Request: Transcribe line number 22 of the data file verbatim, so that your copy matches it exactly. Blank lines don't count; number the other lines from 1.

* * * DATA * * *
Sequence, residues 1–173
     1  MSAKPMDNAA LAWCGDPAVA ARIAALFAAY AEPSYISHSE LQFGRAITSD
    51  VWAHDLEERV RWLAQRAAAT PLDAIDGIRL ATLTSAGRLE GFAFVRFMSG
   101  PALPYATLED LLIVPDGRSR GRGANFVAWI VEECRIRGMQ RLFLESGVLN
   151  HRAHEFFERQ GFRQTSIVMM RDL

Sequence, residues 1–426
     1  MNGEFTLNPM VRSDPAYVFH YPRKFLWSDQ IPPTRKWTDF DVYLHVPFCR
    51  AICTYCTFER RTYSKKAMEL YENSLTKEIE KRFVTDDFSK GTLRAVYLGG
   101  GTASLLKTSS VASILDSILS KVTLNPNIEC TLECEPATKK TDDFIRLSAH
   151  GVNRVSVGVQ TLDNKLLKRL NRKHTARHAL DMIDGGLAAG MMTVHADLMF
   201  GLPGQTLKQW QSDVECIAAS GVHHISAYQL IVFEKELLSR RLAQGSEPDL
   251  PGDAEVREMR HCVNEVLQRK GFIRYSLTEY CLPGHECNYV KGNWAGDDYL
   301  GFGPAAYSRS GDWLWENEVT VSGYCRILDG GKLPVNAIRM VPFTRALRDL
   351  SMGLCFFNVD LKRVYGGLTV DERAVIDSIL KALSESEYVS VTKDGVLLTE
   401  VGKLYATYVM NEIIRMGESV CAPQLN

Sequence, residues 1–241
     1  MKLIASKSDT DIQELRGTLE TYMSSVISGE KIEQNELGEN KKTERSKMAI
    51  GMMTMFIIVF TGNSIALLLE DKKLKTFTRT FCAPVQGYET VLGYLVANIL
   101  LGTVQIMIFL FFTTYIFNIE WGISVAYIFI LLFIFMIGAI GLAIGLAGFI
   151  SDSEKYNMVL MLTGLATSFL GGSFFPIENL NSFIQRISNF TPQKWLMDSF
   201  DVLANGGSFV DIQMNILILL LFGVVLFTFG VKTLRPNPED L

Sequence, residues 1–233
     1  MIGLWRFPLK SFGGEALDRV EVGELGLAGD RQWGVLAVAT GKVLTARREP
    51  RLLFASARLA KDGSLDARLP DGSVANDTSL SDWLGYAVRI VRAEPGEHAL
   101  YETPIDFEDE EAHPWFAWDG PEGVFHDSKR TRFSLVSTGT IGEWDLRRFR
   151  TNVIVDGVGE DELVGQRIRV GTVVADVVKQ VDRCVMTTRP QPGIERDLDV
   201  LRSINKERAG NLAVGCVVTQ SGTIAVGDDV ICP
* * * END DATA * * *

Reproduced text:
Sequence, residues 1–233